September is Polycystic Ovary Syndrome (PCOS) Awareness Month

Polycystic ovary syndrome (PCOS) is a genetic, hormone, metabolic and reproductive disorder that affects 1 in 10 women. It is one of the most common human disorders and the most common endocrine (hormone) disorder and cause of infertility in women.

It can lead to lifelong complications, psychosocial disorders, type 2 diabetes, cardiovascular disease, endometrial cancer and other serious and life-threatening conditions.

There is no exact cause of PCOS. Women have a higher chance of getting it if they have obesity or have a mother, sister, or aunt with PCOS.

Some of the symptoms of PCOS include:

  • Irregular menstrual cycle. Women with PCOS may miss periods or have fewer periods (fewer than eight in a year). Or, their periods may come every 21 days or more often. Some women with PCOS stop having menstrual periods.
  • Too much hair on the face, chin, or parts of the body where men usually have hair. This is called “hirsutism.” Hirsutism affects up to 70% of women with PCOS.3
  • Acne on the face, chest, and upper back
  • Thinning hair or hair loss on the scalp; male-pattern baldness
  • Weight gain or difficulty losing weight
  • Darkening of skin, particularly along neck creases, in the groin, and underneath breasts
  • Skin tags, which are small excess flaps of skin in the armpits or neck area
Important Facts and Research Regarding PCOS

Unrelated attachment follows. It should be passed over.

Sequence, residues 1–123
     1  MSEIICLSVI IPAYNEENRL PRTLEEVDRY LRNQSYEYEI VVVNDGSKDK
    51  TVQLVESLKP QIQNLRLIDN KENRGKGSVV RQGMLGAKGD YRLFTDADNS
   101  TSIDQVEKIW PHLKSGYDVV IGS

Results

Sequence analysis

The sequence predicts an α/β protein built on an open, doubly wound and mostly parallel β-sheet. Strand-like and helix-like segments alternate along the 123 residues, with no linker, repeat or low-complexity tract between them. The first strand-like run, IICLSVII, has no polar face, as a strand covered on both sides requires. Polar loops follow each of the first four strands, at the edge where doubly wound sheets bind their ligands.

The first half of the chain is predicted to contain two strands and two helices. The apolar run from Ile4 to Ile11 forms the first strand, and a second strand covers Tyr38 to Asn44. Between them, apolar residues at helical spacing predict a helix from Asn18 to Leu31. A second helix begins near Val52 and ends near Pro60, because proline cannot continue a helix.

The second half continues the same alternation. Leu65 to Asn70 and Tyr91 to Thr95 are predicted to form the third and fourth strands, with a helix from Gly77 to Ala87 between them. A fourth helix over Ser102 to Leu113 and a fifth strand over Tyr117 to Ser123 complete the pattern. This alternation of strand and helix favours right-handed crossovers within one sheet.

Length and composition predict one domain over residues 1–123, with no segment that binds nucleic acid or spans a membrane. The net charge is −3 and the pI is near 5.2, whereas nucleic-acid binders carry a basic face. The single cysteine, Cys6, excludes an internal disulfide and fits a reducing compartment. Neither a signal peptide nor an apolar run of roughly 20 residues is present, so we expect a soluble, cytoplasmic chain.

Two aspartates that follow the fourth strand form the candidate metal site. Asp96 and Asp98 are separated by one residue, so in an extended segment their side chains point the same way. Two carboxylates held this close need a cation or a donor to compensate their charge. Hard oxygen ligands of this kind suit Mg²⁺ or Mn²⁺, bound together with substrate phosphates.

• PCOS is a complex hormonal, metabolic and reproductive disorder that affects up to 15% of women.
  • PCOS is a leading cause of infertility in women.
  • Women with PCOS constitute the largest group of women at risk for developing cardiovascular disease and type 2 diabetes.
  • The National Institutes of Health (NIH) estimate more than 50% of women with PCOS will become diabetic or prediabtic before age 40.
  • Some studies have shown women with PCOS to be at three times higher risk for endometrial cancer and may also be at increased risk for ovarian and breast cancer.
  • Some studies have shown due to symptoms of anxiety and depression, suicide attempts are up to seven times more common in women with PCOS than other women.
  • Pre-teens and teens can develop PCOS. Earlier diagnosis can give them the opportunity to better manage the emotional, internal and physical effects of PCOS. It can also help them prevent the onset of more serious illnesses related to PCOS.
  • Despite affecting millions of women and the serious health consequences, PCOS is unknown to most people and a staggering 50% of the women living with PCOS are going undiagnosed.

 

(https://pcosawarenessmonth.org/)

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